The 12th Chapter of John records Jesus saying a prayer that is reminiscent of the prayer He prayed in the Garden of Gethsemane. A comparison of both passages is as follows:
John 12:27-28 27 “Now My soul has become troubled; and what shall I say, ‘Father, save Me from this hour’? But for this purpose I came to this hour. 28 Father, glorify Your name.”
In Matthew 26:39 we see Jesus pray, “39 And He went a little beyond them, and fell on His face and prayed, saying, “My Father, if it is possible, let this cup pass from Me; yet not as I will, but as You will.”
I compare these two passages, because, in both instances, Jesus is deeply troubled as He looks forward to the cross. In the Garden, He says, let this cup pass from Me and in our passage from John, He is recorded as saying Father, save Me from this hour. In both cases, Jesus becomes emotional at the thought of what He’s about to do on the cross. We must remember that Jesus is 100% man and 100% God and His humanity is revealed in these passages. Is He overwhelmed? Doubtful? Is His faith shaken? I don’t think so. Rather, our text says Jesus is deeply troubled in His very soul.
Have you ever been troubled?
I am confident that if you are reading this right now, there have been times in your life when you have found yourself deeply troubled. You may be troubled by something right now. Jesus can identify with our troubles. When Jesus faced the prospect of the cross we need to understand the magnitude of what He was about to do. Jesus was going to bear the cost of the sins for the whole world. We shouldn’t be surprised that He was deeply troubled. The author of Hebrews wrote that Jesus can sympathize and empathize with us because He understands what we’re facing (Hebrews 4:15). He understands because He faced trouble one hundred fold what we will ever face. And in our passage from John, as in the Garden, Jesus is role modeling how we as believers should face trouble.
Notice how in both passages, Jesus immediately surrenders to the will of the Father. In the Garden of Gethsemane Jesus says, Not as I will, but as You (the Father) will. And in our passage from John, Jesus says but for this purpose, I came to this hour. Father, glorify Your name.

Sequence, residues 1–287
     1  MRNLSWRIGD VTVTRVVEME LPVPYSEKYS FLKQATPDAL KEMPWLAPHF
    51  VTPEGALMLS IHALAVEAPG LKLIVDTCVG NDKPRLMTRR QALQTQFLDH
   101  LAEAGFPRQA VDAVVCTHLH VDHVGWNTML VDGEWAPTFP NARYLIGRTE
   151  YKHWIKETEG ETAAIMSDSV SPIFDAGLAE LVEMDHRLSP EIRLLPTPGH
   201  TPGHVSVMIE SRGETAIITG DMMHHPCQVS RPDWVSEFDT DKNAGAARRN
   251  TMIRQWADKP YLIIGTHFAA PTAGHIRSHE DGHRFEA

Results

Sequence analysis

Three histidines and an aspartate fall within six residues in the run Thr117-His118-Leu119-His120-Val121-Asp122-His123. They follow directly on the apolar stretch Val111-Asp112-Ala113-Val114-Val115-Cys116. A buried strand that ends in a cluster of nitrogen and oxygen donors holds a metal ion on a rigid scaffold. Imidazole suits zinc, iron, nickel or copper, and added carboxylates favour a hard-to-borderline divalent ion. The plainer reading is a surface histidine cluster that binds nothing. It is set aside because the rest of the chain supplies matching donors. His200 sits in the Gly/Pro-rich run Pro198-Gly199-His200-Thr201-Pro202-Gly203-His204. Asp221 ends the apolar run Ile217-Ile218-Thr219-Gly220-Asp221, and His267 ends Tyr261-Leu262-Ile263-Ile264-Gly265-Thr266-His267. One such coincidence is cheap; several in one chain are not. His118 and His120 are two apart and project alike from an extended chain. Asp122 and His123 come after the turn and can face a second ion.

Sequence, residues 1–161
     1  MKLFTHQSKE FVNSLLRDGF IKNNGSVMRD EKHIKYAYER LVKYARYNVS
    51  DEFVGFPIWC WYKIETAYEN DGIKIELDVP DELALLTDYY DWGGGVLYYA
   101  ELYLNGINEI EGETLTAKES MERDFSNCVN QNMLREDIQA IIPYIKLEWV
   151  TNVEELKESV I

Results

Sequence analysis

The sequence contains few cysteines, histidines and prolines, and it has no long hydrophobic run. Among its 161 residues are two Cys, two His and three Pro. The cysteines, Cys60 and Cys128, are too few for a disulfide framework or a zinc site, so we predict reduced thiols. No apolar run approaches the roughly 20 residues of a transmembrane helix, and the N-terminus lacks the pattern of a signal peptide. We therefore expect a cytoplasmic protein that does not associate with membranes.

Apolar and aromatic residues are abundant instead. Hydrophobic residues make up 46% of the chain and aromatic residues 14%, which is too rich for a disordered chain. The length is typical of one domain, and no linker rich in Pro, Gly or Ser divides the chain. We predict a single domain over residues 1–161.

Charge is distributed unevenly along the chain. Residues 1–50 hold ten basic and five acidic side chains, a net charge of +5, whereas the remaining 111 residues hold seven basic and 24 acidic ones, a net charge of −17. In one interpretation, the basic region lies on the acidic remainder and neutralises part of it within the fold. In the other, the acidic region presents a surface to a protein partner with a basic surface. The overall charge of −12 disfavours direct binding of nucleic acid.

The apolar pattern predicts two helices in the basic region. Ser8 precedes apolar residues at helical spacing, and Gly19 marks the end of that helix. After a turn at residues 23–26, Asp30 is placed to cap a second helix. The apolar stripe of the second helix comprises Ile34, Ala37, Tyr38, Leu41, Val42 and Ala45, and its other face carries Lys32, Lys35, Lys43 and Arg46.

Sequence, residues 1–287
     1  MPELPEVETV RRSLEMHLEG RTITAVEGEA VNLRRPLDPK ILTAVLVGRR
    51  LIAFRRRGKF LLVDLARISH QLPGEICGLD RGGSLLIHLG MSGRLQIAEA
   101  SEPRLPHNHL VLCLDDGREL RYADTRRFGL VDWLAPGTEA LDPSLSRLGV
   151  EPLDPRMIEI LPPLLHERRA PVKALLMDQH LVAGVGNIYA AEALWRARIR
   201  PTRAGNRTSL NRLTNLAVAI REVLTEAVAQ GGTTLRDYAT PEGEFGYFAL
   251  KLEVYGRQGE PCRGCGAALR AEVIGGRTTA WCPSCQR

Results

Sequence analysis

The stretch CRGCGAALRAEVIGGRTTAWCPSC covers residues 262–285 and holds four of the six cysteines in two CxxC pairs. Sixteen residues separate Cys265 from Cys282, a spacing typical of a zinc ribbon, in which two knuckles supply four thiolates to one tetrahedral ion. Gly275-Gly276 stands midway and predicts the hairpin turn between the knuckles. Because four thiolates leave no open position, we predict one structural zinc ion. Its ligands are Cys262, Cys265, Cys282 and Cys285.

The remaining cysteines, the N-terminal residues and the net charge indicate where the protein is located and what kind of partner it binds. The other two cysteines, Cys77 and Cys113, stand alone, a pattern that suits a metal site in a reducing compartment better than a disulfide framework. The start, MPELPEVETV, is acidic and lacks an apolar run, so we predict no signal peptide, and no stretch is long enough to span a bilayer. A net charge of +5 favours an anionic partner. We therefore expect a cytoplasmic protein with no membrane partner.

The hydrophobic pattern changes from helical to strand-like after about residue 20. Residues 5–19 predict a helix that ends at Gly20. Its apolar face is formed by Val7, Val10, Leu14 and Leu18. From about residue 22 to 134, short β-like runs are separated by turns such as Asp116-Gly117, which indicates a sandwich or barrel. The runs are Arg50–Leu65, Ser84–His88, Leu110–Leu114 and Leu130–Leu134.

In the midst of deep trouble, Jesus is most concerned with His Father’s will and His Father’s glory. Can you say the same?
In sharing His emotions with His disciples, Jesus is teaching them about the cost of commitment to the Father’s will. You see, if we are truly committed to the will of God, eventually we’ll be asked to submit our will to His. Warren Weirsbe says that “In the hour of suffering and surrender, there are only two prayers we can pray, either ‘Father, save me!’ or ‘Father, glorify Thy name!'” Too often, I think we cry out to God to deliver us from our trouble without considering His will. We ask God why He’s allowing unpleasant things to happen to us, but Christ is teaching us that our prayer should be, “Father, through this suffering and through this pain, glorify thyself.”
It should be noted that the Father answered Jesus audibly in verse 28 when “a voice came out of heaven [saying]: “I have both glorified it, and will glorify it again.”
The Father answered Jesus’ petition out of heaven audibly. The Gospels record three instances of God doing this. The other two were at Jesus’ baptism (Matt. 3:17; Mark 1:11; Luke 3:21-22) and transfiguration (Matt. 17:5; Mark 9:7; Luke 9:35). The Synoptics record those events, and only John recorded this one. In the first instance, apparently only John the Baptist and Jesus heard the voice. In the second instance, only three disciples and Jesus heard it. And in the third instance, a multitude and Jesus heard it. In all of these cases the purpose of the voice was to authenticate Jesus as God’s Son in a dramatic way, and in all cases the voice had some connection with Jesus’ death. You see, God had already glorified Himself through the Incarnation and through the ministry of Jesus … and He would glorify Himself again, through Jesus’ death, resurrection, and ascension.
As Jesus submitted His will to the Father’s and voluntarily sacrificed Himself on the cross, God was glorified. Likewise, He is glorified every time we, as Christians, submit our will to His. When we are able to stand in the midst of turmoil and genuinely pray for God to be glorified and for His will to be done, we are following Christ’s example … and the Father is glorified.
Perhaps this is what James was thinking of when he wrote, “2 Consider it pure joy, my brothers and sisters, whenever you face trials of many kinds, 3 because you know that the testing of your faith produces perseverance. 4 Let perseverance finish its work so that you may be mature and complete, not lacking anything” (James 1:2-4).
Brothers and sisters, the way we face troubles and trials matters. And I hope you’ll think of these passages the next time you find yourself troubled.